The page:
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No website a road to nowhere

A professional web presence is as basic as a pleasant in-store environment and good staff, according to photo ordering software specialists LifePics and Dakis.

‘Today no store can survive without a great web presence – it’s a fact. If you are not online, you simply don’t exist any more!’

Fotofast Brisbane is often noted as a local independent retailer presenting well both in-store and online.

A great store and an indifferent or no website won’t work any more, but neither will a great web presence with a store in which the basics have been neglected.

‘We see that there is a lot of money to be made in the imaging market when done right,’ said Dakis CEO, Philippe Hugron from the company’s head office in Montreal, Canada. (In Australia and New Zealand, Dakis partners with IPS.)

The store is still the cornerstone for the independent imaging retailers’ operations and drives in most cases 80 percent of their business, he added.

‘Certainly, once your store is operating smoothly and your product offering is well-packaged, the web provides an essential avenue to grow the business.

‘Today no store can survive without a great web presence – it’s a fact. If you are not online, you simply don’t exist any more!’

He said that the most successful retailers have both a strong store and web operation.

‘It’s unfortunate to see too many retailers cutting corners with their web presence or simply underestimating the impact of the web presence on their overall business.

‘A bad and underperforming website has a negative impact on stores’ advertising and marketing initiatives and ultimately on online and in-store sales. To succeed today you need a good web presence to support your store operations.

‘You can’t just launch a site and say the jobs will come.’

Steaurt Meers from Photo Direct, the local partner for competing online photo ordering platform, LifePics, concurs:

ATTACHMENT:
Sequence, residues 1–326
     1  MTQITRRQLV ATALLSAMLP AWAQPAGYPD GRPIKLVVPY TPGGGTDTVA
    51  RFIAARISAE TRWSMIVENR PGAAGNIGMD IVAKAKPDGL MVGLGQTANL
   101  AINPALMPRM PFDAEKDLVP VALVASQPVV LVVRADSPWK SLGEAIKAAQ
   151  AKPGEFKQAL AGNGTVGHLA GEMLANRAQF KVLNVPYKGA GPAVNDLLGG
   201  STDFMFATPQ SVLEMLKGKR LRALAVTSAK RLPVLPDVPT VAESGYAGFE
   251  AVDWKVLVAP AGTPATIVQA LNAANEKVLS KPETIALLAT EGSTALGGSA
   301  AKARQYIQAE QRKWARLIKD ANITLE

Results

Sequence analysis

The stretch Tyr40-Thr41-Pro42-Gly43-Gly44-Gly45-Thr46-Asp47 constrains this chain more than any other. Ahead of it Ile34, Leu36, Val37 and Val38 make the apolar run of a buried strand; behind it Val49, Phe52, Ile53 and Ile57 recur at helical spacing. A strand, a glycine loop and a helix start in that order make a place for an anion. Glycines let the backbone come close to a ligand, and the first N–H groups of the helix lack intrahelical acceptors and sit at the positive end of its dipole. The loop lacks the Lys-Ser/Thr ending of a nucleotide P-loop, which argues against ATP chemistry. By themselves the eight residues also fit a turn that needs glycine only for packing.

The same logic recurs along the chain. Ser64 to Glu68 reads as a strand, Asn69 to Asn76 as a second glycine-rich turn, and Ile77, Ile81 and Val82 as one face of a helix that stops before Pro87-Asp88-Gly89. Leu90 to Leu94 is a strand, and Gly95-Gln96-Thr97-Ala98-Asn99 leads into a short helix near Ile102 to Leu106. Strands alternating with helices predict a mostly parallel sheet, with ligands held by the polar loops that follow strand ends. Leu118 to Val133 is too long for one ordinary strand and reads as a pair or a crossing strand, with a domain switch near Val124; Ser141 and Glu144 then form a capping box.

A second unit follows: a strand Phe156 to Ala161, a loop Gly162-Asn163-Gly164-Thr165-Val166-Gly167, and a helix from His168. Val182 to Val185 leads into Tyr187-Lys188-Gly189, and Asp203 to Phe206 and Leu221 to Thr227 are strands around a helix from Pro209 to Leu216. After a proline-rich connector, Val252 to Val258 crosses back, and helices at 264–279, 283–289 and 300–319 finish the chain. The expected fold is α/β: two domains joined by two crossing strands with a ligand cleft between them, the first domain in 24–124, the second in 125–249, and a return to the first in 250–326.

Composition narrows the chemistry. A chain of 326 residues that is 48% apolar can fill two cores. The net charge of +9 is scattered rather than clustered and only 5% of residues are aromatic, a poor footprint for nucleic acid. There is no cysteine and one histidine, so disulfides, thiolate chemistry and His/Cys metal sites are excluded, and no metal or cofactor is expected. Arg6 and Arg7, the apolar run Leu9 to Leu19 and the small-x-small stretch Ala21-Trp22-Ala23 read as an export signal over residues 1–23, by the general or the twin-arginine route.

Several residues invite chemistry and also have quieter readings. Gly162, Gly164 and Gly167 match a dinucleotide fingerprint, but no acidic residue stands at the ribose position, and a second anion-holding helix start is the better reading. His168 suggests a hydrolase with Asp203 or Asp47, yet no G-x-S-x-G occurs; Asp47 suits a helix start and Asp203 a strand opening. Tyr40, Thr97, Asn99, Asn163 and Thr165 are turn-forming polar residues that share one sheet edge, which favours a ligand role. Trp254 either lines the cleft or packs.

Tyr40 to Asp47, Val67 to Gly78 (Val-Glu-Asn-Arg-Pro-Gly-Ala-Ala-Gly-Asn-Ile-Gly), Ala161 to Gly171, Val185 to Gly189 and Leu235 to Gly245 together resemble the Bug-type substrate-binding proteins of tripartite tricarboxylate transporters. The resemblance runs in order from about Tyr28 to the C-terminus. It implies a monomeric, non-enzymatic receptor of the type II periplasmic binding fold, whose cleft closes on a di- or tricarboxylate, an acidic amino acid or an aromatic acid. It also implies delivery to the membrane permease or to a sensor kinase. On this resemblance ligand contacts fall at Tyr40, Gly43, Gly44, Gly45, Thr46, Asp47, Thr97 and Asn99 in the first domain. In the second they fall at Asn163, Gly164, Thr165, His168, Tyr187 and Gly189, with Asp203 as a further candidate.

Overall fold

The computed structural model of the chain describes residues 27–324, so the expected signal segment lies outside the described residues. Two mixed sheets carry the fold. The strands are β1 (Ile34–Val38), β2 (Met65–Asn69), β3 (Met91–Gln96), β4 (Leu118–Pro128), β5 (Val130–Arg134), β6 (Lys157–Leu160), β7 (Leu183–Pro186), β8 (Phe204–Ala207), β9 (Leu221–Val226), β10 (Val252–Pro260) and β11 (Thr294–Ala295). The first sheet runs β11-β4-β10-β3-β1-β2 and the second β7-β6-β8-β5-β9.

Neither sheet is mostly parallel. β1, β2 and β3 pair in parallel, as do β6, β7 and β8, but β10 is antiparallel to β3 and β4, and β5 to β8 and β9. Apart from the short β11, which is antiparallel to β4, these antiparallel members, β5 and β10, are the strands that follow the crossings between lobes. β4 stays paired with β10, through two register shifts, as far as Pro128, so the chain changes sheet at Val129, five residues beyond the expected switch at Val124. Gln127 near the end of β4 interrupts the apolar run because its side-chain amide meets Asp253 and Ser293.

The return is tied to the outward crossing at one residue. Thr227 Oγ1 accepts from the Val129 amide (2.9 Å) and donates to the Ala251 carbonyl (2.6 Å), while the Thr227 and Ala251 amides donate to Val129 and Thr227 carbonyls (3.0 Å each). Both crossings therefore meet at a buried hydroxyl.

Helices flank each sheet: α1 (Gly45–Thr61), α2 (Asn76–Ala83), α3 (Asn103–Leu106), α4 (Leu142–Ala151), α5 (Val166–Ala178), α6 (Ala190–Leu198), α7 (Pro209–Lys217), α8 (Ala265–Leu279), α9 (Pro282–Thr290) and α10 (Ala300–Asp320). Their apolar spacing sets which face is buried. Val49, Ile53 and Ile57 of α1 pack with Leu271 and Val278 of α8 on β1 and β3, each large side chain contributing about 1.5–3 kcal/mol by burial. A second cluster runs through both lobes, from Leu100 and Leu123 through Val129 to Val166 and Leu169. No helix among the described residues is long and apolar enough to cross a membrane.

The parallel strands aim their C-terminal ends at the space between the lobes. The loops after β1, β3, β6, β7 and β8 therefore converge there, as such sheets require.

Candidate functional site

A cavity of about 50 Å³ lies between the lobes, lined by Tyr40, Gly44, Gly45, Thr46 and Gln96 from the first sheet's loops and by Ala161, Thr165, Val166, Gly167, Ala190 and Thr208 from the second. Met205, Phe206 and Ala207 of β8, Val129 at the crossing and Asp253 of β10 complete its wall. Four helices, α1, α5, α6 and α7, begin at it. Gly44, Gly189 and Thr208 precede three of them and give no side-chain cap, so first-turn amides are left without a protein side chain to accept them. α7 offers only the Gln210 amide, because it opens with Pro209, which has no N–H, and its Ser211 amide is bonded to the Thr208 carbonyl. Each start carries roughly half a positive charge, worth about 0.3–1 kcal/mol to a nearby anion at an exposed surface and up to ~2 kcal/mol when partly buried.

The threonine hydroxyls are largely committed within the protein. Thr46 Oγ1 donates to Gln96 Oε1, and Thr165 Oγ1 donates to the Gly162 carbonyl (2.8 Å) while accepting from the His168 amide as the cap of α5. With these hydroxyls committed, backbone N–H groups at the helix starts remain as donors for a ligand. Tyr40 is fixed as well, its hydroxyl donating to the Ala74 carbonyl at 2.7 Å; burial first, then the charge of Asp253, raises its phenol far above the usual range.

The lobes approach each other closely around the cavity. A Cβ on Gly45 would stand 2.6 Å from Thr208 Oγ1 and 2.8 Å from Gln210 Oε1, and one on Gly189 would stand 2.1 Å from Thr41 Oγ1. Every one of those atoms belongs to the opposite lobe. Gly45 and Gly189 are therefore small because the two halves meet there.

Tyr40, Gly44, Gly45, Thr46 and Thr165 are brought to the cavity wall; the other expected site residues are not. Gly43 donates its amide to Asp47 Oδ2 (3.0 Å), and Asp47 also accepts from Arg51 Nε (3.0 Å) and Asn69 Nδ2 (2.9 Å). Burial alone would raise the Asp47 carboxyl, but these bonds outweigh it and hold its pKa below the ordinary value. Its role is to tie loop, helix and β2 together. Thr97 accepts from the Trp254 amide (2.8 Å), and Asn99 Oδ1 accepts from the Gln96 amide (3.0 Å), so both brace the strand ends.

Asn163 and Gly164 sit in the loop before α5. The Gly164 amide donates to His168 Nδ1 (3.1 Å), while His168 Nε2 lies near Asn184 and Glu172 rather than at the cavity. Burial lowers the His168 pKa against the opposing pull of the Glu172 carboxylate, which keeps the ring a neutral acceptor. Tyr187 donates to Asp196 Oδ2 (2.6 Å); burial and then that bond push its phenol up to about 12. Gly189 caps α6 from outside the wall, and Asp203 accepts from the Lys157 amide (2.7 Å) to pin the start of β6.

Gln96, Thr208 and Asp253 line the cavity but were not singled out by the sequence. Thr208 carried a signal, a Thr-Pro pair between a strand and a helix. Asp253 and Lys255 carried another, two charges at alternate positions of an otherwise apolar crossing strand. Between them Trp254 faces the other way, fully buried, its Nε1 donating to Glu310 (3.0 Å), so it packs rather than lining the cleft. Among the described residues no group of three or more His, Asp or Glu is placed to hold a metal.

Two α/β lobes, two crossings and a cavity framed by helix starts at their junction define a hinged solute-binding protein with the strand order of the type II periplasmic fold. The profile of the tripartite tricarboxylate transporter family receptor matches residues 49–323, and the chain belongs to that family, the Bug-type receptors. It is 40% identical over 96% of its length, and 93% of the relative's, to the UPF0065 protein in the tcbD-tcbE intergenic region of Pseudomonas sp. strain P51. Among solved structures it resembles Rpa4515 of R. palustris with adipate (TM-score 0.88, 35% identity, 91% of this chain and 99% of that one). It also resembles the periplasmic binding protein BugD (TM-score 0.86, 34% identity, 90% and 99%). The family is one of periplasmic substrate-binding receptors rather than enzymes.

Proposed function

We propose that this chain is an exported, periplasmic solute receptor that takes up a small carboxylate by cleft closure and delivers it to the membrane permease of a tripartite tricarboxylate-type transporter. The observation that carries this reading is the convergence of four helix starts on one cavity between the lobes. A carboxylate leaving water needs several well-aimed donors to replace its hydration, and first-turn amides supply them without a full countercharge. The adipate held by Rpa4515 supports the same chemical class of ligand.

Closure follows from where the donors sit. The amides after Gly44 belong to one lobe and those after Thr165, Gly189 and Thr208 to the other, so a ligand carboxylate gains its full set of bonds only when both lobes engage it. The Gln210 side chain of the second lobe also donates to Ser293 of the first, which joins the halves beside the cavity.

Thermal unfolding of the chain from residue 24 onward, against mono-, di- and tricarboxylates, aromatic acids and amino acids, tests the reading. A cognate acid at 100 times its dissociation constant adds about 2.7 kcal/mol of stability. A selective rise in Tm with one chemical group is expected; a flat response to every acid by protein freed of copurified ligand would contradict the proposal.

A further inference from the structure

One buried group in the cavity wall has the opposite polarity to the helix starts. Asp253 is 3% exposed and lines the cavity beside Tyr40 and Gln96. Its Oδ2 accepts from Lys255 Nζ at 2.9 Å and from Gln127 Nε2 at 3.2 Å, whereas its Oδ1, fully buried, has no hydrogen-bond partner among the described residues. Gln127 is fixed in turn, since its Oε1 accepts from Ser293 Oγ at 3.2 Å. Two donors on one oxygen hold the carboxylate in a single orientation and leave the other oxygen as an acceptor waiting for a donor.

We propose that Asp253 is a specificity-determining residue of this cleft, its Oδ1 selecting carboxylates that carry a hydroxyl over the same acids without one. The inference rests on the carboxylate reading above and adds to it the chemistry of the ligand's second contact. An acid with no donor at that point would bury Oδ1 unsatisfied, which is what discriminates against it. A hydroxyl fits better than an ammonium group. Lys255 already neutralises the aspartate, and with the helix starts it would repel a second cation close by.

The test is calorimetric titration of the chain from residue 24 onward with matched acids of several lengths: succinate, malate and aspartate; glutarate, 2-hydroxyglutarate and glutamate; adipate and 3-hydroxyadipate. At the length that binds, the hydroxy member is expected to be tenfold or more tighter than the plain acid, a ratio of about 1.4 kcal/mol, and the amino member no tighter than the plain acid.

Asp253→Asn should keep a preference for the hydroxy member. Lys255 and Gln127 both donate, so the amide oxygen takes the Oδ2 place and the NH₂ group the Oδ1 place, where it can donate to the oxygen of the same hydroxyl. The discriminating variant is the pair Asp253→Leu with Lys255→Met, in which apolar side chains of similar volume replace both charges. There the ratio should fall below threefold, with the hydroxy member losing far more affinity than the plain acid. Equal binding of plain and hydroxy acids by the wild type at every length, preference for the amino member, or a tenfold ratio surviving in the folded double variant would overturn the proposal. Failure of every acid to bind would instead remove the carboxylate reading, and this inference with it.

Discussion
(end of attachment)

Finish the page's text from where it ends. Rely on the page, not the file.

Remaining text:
‘People need to get back to basics. Step back and look at your store. If you are in retail you should present well. You should have well-trained staff and it should be a pleasant experience to walk into the store.

‘Then look at the market. If you are down on numbers then you’ve got online, you’ve got the social media. But you’ve got to drive them and it is a full-time job.

‘You can’t just launch a site and say the jobs will come.

‘Theres a strong and vibrant industry out there, but some retailers don’t get it, or treat it with disdain – I’m not sure what it is. There’s about half a dozen retailers doing it really well.

‘Of course, I will push the LifePics platform as the best solution, but whatever path you take, if you are not online at all you are just missing the boat.

‘It’s a really vital part of a modern bricks-and-mortar business.’

Underscoring this synergy between the phyisical store and the website is the steady growth of consumer preference for the ‘order online, pick up in store’ option.

‘LifePics find that when independent retailers have pick up in store and ship-to-home options – and you need to have both or you are losing business –  about 70 percent pick up in store.

‘People would rather spend an hour over a week or a month or a year at home  preparing their order and press “click and send” and pick it up tomorrow  or next week – instead of sitting at a kiosk.

‘It’s obvious, and what’s challenging is that a lot of the [online ordering software] industry’s customers actually have the capability to produce all this gear in store already, and are just not opening up all the funnels to bring it in.’

Casting a broader net

LifePics is currently more focussed on smartphones apps and social networking sites than Dakis, and there’s a slight divergence of approach to this emerging niche: